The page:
Big Idea #1: Stress Causes Disease

Modern stress research dates back to the 1930s when researcher Hans Selye published his ‘General Adaptation Syndrome’ theory of stress and disease. While Selye’s work was broadly adopted in sociology and psychology, medical researchers felt his emphasis on hormones was inadequate to explain the complexities of human disease and ultimately rejected stress theory. In the 1980s, Helmut Sies coined the phrase “Oxidative Stress” which sparked four decades of productive research into redox biology. I refer to this period as Stress Theory 2.0 because redox biology research has evolved to a place that fills most of the gaps in Selye’s original work. We can now explain why stress causes disease in credible biochemical terms.

For ordinary healthy consumers, the key understand is that our definition of stress needs to be much broader—anything our cells would understand as requiring an adaptive response. I use a simple mnemonic device to remember the eight kinds of stress, TOP SPEED:

Eight Types of Stress (TOP SPEED)

Toxic (poisons, pharmaceuticals, xenobiotics, heavy metals, biological waste products)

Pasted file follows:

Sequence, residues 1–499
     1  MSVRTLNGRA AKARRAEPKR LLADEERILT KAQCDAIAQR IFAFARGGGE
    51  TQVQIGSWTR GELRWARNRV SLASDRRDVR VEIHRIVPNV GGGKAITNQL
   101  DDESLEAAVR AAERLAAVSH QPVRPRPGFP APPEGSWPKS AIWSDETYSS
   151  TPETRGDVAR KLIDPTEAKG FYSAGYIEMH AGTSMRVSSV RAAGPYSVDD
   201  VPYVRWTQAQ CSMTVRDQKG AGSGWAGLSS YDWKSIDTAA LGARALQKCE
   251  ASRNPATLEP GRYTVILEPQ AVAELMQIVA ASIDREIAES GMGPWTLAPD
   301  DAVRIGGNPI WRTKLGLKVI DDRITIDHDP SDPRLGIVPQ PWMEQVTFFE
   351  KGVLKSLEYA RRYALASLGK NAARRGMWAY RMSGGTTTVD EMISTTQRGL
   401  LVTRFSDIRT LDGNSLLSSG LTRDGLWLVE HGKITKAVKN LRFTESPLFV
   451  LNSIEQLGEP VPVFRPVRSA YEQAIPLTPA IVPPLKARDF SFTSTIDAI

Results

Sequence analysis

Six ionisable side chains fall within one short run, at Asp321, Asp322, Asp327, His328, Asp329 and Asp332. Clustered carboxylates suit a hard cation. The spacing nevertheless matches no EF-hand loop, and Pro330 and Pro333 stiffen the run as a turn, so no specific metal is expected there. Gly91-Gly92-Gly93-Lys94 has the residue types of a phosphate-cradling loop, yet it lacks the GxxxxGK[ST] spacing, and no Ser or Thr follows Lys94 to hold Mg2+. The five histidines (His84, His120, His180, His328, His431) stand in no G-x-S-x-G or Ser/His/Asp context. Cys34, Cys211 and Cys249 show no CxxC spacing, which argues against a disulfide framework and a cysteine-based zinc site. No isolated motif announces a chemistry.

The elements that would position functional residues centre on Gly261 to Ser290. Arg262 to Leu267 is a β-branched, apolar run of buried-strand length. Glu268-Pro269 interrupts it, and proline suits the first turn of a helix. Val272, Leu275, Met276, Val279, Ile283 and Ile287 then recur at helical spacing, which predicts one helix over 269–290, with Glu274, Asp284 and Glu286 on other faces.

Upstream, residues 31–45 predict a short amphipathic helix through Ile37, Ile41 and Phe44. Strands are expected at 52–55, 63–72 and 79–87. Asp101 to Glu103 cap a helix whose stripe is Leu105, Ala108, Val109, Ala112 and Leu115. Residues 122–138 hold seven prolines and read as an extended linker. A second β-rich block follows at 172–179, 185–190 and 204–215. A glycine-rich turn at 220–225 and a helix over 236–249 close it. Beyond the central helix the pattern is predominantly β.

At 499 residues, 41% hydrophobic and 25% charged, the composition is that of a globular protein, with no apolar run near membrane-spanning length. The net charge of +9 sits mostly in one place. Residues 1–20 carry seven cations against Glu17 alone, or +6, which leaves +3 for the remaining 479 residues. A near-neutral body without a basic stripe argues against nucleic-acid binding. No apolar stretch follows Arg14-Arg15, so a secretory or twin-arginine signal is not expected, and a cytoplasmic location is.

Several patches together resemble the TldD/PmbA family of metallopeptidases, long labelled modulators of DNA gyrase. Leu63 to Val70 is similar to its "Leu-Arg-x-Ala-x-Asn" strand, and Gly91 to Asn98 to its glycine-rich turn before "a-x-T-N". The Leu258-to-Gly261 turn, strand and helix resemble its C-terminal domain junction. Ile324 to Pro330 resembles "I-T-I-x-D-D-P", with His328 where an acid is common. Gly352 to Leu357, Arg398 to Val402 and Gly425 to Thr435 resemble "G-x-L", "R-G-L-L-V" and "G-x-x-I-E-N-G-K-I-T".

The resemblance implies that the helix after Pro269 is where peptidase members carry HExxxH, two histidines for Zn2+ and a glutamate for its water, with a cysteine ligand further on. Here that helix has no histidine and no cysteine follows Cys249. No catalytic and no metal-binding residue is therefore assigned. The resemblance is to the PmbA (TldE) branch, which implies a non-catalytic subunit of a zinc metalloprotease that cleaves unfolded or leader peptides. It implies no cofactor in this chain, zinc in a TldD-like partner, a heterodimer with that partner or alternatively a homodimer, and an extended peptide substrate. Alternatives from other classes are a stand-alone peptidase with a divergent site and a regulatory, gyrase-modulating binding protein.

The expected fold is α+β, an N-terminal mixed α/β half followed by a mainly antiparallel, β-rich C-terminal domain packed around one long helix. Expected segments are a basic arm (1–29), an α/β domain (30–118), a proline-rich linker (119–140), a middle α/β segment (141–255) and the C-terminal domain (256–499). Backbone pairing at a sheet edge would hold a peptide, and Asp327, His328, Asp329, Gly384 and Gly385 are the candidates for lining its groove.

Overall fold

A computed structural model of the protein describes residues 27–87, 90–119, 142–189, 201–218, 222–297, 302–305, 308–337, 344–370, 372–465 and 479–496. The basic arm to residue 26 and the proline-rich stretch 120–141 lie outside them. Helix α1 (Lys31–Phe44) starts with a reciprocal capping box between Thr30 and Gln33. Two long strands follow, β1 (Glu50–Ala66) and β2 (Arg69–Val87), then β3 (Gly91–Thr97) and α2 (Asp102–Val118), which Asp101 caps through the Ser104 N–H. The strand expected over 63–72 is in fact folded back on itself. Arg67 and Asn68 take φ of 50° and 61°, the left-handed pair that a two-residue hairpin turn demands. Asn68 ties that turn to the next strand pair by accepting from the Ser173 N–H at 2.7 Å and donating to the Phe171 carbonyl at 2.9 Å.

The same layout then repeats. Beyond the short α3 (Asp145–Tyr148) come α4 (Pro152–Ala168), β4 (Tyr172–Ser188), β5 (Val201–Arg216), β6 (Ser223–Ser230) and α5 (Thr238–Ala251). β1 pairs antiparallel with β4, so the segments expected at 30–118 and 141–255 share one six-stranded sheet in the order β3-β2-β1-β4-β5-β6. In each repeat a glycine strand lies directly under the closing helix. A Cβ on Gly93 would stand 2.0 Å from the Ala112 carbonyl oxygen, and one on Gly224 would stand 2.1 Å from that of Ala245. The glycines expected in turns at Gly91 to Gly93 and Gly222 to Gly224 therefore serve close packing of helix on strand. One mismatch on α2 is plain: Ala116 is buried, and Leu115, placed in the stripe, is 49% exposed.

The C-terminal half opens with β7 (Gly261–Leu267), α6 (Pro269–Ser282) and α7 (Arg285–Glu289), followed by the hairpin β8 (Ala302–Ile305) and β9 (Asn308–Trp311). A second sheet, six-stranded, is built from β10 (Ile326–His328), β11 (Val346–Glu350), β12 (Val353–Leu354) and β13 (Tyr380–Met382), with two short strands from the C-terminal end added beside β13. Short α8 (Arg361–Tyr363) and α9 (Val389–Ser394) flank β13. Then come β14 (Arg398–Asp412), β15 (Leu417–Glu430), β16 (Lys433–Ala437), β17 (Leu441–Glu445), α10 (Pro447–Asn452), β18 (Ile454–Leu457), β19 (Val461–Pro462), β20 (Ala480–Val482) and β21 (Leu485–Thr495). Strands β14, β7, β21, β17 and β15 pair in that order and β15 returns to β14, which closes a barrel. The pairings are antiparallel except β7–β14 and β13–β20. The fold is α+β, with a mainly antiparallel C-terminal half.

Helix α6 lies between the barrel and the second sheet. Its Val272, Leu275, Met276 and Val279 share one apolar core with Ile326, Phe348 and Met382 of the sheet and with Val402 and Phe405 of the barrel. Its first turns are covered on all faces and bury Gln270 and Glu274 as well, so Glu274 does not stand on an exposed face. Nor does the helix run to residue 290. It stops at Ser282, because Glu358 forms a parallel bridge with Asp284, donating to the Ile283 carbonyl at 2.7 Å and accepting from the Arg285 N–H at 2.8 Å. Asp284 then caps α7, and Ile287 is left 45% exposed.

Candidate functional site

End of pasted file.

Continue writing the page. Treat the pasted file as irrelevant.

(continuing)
Ordinary Daily Stress (the psychological and relational stress we typically think of as stress)

Pathogenic (fungal, bacterial, viral, and parasitic infections)


Systemic (Damage and Dysregulation of bodily systems, including gut dysbiosis, autoimmunity, neurodegeneration, chronic fatigue, allergens, overeating, malnutrition)

Physical (injury, damage, imbalance, repetitive use, under-use, inactivity)

Environmental (light, sound, radiation, electromagnetic fields, heat, cold, barometric pressure changes, moon phase change)

Epigenetic/Genetic (Down Syndrome, Fragile X, Sickle Cell Anemia, DNA damage, mutation, problematic SNPs, pathological gene expression, signaling)

Dietary (processed carbs, sugar, trans fats, grain oils, high-heat cooking, food additives, etc.)

Once you’ve broadened your definition of stress, you still need to understand how it affects your body. You need to understand redox imbalance.

I want to skip straight to the point...